The Most Endangered Marine Mammal Faces Extinction

Francis YupangcoBy Francis Yupangco 3 years ago2 Comments
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There’s a good chance you may not even have heard of the most endangered marine mammal in the world, the vaquita, let alone seen one.  The International Committee for the Recovery of the Vaquita announced that there are only 60 vaquitas left in the wild, which is a shocking 97% decline in the vaquita’s population since 1992.
The vaquita is the smallest of cetaceans, and gets no larger than 5 feet in length and 120 pounds. It is the only porpoise that can be found in warm waters. Vaquitas are found in the Gulf of California.The vaquita’s astonishing decline can be attributed to the popularity of the totoaba, a critically endangered fish.

The fish’s bladder is seen as a delicacy in Asia, especially in China and Hong Kong, selling on the black market for $5000 a pound or more. The vaquitas become trapped in the gill nets used by the fisherman, who are catching shrimp, fish, or illegal totoaba.
Last year, in an effort to safeguard both the totoaba and the vaquita, Mexico placed a two year ban on the use of gill nets, whether for illegal or legal purposes. The Mexican Navy is in charge of enforcement of the ban and has upped its surveillance. But as with most things, with the black market demand for the totoaba strong, the ban on gill nets has not stopped all fisherman. As recently as March, three dead vaquitas were found entangled in gill nets. Activists stress that more needs to be done as soon as possible, in Mexico and in Asia, to save the vaquita from extinction.  MORE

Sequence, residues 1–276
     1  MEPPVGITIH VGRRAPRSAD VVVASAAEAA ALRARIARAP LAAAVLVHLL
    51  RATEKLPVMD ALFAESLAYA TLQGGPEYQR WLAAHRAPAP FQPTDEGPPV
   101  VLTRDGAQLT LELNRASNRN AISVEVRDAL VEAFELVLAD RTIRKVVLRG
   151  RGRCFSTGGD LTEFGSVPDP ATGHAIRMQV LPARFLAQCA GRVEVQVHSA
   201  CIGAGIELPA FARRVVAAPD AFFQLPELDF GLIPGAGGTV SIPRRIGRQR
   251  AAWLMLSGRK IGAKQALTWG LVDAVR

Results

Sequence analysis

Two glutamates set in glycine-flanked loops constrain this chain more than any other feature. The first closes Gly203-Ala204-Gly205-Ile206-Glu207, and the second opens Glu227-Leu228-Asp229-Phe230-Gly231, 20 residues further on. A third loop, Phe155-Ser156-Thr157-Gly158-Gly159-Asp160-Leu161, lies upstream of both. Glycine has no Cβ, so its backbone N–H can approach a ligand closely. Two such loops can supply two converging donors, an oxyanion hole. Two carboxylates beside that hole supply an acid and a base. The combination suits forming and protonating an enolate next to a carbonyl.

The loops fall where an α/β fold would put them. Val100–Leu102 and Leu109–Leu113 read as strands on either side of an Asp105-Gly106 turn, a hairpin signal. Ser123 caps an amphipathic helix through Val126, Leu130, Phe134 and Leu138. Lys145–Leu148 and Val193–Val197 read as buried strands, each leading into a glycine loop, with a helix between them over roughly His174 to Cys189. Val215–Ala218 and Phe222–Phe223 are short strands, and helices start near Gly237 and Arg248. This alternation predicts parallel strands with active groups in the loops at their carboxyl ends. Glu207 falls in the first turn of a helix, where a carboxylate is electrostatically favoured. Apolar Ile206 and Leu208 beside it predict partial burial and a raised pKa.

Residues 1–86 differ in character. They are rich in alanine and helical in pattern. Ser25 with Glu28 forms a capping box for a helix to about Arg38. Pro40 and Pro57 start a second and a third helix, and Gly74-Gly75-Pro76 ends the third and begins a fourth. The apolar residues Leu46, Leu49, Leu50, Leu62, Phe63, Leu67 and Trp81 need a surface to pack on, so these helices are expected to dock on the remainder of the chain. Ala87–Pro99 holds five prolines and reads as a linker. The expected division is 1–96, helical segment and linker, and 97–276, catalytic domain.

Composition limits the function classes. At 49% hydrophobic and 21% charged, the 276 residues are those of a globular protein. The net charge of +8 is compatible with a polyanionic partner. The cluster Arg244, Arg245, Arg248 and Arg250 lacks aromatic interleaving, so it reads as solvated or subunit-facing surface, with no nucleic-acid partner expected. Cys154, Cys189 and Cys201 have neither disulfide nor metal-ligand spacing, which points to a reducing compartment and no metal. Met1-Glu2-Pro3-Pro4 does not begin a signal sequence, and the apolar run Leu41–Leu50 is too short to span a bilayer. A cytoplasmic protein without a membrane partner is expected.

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  Conservation, Science
Francis Yupangco
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 Francis Yupangco

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Francis is a marine biologist with an MBA and over 20 years of professional aquarium experience. Francis is the former Aquatic Development Manager at Hagen USA., makers of Fluval brand aquarium products. He co-stars on Nat Geo WILD's reality TV series Fish Tank Kings where he is the resident "Fish Geek" and was Director of Marketing at Living Color Aquariums. He is an avid explorer having visited over 45 countries and lived in 7. At 17, he was among the youngest aquarists ever hired by the Vancouver Aquarium, where he worked for 7 years. His aquatic biology experience ranges from larval fish rearing to the design, construction and operational management of renowned public aquariums around the world. Francis is currently head of marketing at the world's largest vertically integrated fish farming company.

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